we made a cookbook!

natural simple healthy
By Erin Martineau an...

Anne and I decided to eschew the big box stores and do some creative things for Christmas gifts--Anne felted soap, made liquid soap, and baked cookies, and we both worked to create this cooking guide, entitled Savor: Natural, simple, healthy.

It's a little book filled with tips about really easy ways to prepare fresh food, and lots of photos to whet your appetite.

If you click on the picture to the left, you'll be taken to the website of Blurb, which printed the book.  You can click through the first 15 pages and get a taste.  And if you like, you can order one!

It was a fun and relatively easy project, and we were thrilled with the quality of the photos and with the book as a whole.  If you ever want to make your own book, you can just use their free software, your own photos, and their page templates, and hey, presto!  You've made a book!  And if you have any questions, feel free to contact me and I'll walk you through the process.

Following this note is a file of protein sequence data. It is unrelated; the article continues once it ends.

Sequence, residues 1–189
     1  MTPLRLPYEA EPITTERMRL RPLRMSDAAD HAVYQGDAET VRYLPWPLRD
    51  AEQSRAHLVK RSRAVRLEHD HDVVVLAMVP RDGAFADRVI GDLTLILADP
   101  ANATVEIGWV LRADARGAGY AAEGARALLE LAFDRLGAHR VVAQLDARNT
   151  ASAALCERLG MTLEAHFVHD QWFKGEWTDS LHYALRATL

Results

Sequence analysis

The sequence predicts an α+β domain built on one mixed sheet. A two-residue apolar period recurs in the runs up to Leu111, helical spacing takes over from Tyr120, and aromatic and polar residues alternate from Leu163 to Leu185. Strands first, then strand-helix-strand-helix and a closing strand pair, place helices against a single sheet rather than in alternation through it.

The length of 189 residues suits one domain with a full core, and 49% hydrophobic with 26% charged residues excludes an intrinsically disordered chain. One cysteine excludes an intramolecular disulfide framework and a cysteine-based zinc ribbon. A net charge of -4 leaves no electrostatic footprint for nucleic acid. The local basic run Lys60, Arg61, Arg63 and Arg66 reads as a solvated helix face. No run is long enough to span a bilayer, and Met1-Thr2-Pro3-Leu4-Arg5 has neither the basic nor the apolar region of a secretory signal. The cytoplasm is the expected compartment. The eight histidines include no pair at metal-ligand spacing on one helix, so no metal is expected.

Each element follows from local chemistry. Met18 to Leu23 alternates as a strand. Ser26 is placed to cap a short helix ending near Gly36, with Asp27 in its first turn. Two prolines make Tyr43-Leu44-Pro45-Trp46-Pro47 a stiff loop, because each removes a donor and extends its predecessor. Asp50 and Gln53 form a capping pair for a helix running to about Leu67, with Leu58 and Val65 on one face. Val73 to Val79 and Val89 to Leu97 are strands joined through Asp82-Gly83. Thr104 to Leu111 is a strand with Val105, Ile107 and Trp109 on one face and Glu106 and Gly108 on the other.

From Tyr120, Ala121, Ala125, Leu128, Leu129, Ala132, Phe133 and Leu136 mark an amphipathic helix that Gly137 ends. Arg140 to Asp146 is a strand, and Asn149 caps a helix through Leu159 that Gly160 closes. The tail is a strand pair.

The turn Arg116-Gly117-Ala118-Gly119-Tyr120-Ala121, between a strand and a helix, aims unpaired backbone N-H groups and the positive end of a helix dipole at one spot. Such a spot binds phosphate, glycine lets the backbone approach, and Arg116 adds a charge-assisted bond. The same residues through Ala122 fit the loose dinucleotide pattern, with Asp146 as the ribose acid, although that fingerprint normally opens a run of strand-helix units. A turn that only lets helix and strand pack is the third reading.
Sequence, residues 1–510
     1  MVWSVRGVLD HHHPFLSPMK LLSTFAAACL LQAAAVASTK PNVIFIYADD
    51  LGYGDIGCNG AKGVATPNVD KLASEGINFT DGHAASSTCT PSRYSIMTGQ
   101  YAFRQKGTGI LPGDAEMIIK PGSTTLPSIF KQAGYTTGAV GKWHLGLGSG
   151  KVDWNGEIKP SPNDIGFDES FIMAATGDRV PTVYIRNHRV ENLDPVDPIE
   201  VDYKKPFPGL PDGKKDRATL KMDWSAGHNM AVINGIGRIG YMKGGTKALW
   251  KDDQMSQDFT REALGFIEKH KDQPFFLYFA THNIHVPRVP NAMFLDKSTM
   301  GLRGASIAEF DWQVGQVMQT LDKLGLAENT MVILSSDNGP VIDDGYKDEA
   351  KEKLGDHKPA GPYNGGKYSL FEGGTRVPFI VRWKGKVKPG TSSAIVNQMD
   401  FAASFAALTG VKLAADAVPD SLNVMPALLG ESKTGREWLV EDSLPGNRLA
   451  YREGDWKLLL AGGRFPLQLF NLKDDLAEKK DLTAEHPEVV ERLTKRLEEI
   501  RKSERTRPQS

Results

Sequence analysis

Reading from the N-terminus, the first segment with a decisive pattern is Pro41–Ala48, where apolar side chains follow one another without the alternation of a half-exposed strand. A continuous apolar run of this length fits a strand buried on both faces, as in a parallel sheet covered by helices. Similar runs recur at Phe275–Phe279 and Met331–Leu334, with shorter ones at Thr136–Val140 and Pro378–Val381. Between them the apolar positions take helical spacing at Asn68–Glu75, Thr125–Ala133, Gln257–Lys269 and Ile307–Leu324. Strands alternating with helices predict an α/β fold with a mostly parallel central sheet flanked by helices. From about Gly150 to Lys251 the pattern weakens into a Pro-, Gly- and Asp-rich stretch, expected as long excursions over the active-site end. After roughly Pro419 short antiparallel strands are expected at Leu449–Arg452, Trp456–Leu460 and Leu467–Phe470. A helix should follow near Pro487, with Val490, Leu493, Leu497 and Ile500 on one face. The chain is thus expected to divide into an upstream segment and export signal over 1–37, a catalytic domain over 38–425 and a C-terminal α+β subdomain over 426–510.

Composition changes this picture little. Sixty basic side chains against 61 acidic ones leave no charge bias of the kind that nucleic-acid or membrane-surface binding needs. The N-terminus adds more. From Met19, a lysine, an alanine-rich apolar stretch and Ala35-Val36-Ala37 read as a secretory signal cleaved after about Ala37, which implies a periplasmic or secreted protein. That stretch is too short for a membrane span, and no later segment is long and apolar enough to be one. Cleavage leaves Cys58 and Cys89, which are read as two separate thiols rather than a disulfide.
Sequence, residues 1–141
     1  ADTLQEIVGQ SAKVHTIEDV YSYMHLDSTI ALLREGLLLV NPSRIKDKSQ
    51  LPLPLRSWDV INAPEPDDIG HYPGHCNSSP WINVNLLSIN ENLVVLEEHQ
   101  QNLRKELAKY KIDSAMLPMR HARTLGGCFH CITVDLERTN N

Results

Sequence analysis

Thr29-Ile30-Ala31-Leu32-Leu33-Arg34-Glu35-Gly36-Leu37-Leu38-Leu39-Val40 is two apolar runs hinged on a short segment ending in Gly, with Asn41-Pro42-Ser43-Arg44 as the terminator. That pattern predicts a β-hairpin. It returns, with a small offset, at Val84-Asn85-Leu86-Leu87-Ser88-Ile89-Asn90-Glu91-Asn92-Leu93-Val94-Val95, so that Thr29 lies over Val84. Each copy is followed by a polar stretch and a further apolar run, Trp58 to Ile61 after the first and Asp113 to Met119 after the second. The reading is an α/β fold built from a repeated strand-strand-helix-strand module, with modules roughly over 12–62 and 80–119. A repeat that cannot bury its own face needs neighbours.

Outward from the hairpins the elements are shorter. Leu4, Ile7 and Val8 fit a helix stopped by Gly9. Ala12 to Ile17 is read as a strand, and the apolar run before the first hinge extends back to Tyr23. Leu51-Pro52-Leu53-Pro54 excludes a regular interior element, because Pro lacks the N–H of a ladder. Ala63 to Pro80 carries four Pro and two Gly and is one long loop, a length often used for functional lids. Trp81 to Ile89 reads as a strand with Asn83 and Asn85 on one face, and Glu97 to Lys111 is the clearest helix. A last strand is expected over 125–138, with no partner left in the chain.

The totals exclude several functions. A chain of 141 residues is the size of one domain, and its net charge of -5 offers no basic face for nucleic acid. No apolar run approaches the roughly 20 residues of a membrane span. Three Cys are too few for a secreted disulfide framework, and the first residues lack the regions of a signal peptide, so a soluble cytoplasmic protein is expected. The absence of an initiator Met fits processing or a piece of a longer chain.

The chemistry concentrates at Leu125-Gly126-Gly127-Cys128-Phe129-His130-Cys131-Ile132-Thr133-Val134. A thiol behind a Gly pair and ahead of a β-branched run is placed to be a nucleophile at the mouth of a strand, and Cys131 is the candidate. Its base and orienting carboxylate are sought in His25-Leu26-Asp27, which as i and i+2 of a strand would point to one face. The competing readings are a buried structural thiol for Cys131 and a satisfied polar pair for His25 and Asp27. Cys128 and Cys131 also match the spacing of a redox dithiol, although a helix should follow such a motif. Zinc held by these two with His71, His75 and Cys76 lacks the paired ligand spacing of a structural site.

beyond the imagination

Woven glass sunflower, by Thom Norris and Eric MarkowLast night, Anne and I were walking to the guest house, where we stay here on the farm, and were admiring the moon and the stars. I  breathed deeply and said, "It's so nice to be back here in the dark!" We had only been gone two nights, but that big open starry sky with that bright shining moon felt to me like long lost friends, and I was so glad to find them again.

Of course, they didn't go anywhere; I did.  After a lovely, reverent, sometimes hushed and sometimes exuberant service on Christmas Eve, and a festive little party afterwards, Anne and I ventured out to visit my family for Christmas. It was wonderful to spend time with my folks and my sister and brother-in-law, and to visit with my large extended family, now with SEVEN little ones running around. My cousins' children are sweet, funny kids, and I was privileged to participate in a lights-out dance party with some of them, ages ranging from 11 to just 2.  I loved talking with my aunts, learning about my grandfather's love of gardening, and it warmed me to feel that I am somehow more connected to him through this path I'm taking.  And I learned a bit more about my uncle's family, who were dairy farmers, and talked with the husband of one of my cousins, who yearns for a little homesteading plot himself.  All these connections, I'm just now discovering.